New To Opera?

Opera Etiquette

All foreign language performances have English translations projected on a screen above the stage so that you can understand the lyrics.

Opera Attire:
Although you can dress up or dress down, most opera-goers you’ll see will be wearing business attire.

Arrive on Time:
Performances start promptly. Be sure you allow enough time for traffic and parking. Latecomers and those who exit during the performance cannot be admitted to the auditorium until an appropriate interval.

During The Opera:
Out of respect for the other opera-goers, please don’t whisper, talk, eat, or open candy wrappers. It’s also important to turn your cell phone and other electronic devices off. Please note that no photography or recording of any kind is permitted. If possible, please stay through the bows to avoid disturbing the other patrons.

It is acceptable to applaud after an overture or aria in the middle of a performance. Applaud when the performance moves you. If you are not sure when it is appropriate for applause, follow the lead of the rest of the audience. Show appreciation to the performers by shouting “Bravo!” for a male performer, “Brava!” for a female performer, or “Bravi!” for an ensemble.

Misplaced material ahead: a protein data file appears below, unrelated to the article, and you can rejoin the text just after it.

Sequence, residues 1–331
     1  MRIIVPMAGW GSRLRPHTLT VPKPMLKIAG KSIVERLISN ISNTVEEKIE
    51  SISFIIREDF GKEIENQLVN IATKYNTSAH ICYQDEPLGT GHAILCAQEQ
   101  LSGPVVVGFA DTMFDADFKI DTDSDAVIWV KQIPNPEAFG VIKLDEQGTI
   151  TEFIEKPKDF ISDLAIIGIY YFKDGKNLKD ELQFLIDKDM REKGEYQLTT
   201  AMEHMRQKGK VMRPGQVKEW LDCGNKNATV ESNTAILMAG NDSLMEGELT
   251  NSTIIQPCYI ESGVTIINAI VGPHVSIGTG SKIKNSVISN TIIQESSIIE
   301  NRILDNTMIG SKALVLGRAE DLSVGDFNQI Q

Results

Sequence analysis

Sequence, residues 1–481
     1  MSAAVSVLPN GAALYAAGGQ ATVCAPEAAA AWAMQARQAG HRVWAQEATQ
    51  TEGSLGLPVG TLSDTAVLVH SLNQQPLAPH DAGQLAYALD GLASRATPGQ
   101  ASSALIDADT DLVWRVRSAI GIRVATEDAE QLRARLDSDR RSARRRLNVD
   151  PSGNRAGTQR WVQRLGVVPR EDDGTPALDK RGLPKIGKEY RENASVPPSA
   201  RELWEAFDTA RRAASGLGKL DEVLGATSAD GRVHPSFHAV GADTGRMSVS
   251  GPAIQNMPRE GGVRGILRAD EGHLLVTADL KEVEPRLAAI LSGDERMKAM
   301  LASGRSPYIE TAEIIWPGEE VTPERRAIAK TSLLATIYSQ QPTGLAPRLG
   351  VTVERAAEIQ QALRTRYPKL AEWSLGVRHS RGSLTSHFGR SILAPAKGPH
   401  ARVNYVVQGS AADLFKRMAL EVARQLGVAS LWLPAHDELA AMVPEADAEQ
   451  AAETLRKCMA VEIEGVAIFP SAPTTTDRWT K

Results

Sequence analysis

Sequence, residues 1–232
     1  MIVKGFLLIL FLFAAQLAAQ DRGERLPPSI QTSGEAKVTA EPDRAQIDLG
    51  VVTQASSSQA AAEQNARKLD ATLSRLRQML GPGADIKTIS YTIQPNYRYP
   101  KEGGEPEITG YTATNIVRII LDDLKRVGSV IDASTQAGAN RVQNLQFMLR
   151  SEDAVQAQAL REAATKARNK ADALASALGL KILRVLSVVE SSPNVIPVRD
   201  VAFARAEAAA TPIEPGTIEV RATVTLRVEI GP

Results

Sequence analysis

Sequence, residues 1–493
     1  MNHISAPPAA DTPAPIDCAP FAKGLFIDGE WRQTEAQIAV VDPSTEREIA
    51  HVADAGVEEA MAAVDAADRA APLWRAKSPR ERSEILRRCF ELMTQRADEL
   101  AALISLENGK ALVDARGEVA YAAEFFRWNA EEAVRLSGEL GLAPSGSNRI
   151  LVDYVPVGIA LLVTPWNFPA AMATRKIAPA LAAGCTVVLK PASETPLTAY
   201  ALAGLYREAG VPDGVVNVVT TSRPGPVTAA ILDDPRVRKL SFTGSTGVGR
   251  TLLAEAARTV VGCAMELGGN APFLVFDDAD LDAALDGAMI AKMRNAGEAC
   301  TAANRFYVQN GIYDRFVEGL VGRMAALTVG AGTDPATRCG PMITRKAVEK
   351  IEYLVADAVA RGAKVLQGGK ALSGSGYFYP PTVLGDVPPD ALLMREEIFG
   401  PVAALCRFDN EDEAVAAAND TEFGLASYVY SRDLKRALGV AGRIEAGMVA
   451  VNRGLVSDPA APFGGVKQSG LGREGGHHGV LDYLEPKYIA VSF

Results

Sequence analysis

The House Staff:
At times, the house staff will make requests of audience members. They are there not only to assist you to your seats, but also to help you when any unusual situation or emergency arises.

Do you think opera is…
All foreign-language operas are presented with projected English translations above the stage – supertitles. Bring your glasses, so you can read the projected supertitles on a screen during the opera. If you want to read up on the story beforehand, there are endless books and websites out there.
Bring your glasses, so you can read the English supertitles projected above the stage. Before going, Google the opera on the internet and read (even a little) about it. You’ll be surprised how that makes everything better. Listen to a recording of the opera, or just excerpts, or something else by the same composer, to get the music in your ears beforehand.
Attend a pre-performance lecture. They’re always available, either right before the show, or at some time the week before. Check the opera company’s website for information.

Rarely does a newcomer to opera say it’s boring. Here’s why: It’s live. It’s an orchestra, chorus and unbelievably talented soloists performing the most spectacular performing art form there is. Most first-timers aren’t expecting to get goosebumps—but they usually do. The closer you sit, the more overwhelming the experience.Prepare yourself for an amazing spectacle of music, scenery, costume and lighting. Tune your ears to voices that need no amplification, even with a full orchestra in the room. It’s pretty remarkable. Get involved with the story and the characters—let yourself be swallowed up by it. The willing suspension of disbelief applies, and it’s a blast!